In many cases, they’re unable to return home to countries where the pandemic is accelerating. Even in cases when countries haven’t closed their borders or imposed travel restrictions, the price of airline tickets has often increased enormously.
Some of those who’ve remained have been forced to rely on visits to foodbanks run by UNEF, France’s national union of students, to supplement their diet.
Madagascan Tsiry Rajemison is one such student, currently in Marseilles:
“At the moment I’m in a complicated situation due to confinement. I can’t go back to Madagascar, so I’m stuck here.
“I’ve come for the food basket to help me out at the end of the month.”
For many, working to generate an income while forced to remain is not an option, as Lyes Belhadj, treasurer of the Marseilles branch of UNEF acknowledges:
“These students cannot work because they don’t all have study visas allowing them to work.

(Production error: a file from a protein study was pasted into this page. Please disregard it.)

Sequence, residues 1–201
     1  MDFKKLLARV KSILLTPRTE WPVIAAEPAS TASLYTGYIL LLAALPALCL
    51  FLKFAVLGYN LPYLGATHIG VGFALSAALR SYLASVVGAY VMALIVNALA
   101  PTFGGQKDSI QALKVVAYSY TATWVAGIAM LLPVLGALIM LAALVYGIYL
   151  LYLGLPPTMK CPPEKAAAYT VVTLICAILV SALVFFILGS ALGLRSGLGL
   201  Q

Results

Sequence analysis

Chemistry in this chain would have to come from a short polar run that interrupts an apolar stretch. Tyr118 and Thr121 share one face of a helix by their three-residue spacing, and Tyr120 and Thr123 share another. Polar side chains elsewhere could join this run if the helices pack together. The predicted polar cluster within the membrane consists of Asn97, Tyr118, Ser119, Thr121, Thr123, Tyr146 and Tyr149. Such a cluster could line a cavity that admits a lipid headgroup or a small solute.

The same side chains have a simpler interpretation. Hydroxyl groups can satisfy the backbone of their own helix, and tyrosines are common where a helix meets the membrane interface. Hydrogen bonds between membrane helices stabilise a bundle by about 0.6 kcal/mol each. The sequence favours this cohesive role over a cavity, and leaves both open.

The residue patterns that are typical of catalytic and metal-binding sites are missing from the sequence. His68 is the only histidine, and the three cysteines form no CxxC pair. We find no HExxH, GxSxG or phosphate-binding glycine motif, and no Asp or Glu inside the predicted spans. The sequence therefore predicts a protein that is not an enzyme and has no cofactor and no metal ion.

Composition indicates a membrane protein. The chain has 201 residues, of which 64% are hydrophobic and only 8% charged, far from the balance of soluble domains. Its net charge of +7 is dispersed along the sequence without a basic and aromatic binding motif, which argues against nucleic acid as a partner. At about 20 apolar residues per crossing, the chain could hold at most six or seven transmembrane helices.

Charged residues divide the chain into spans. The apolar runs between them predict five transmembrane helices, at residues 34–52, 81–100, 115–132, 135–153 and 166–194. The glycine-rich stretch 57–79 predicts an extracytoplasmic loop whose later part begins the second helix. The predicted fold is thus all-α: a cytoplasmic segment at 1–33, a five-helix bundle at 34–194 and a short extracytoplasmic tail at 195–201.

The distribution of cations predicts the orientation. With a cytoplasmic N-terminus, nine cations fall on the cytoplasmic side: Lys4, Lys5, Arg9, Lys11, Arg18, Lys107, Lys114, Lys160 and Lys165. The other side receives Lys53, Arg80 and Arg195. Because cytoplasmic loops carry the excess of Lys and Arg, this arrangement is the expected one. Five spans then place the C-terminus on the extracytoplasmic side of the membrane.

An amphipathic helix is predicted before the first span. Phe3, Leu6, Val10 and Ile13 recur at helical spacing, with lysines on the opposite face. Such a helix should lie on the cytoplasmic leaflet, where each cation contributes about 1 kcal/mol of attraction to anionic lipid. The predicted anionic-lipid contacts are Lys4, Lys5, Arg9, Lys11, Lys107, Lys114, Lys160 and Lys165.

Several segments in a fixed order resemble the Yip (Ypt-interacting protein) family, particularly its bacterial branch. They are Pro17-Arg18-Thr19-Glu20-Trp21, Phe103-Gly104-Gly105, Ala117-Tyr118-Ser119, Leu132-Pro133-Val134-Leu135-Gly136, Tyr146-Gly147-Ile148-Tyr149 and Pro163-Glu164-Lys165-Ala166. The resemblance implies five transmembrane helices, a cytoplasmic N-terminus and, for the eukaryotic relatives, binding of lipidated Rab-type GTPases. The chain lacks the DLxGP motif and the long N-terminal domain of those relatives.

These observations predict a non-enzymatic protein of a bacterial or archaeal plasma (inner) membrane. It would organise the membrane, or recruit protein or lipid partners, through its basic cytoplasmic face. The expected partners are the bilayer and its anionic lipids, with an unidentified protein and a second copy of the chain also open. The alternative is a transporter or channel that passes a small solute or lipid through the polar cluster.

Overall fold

“That’s the agreement between their countries and France and so we find ourselves with administrative difficulties, social difficulties and financial difficulties.”
For some, the isolation is just as taxing as the financial issues. Ouiza Slamani an Algerian student in France has found the situation very difficult
“It’s hard. Not only without work, but at the same time you can’t see your family.
“It’s a bit strange because I’m used to going to Algeria every year, spending a month with my parents, my family, my little brothers and here I find myself stuck alone in an apartment.
“I have no scholarship, no job and a friend is lending me money for my rent.”
For some students who could potentially go home, there’s an additional complication: they might end up getting stranded and jeopardise their studies in France. The European Union, for example, recently reinstated travel restrictions for people arriving from Algeria because of increased cases there.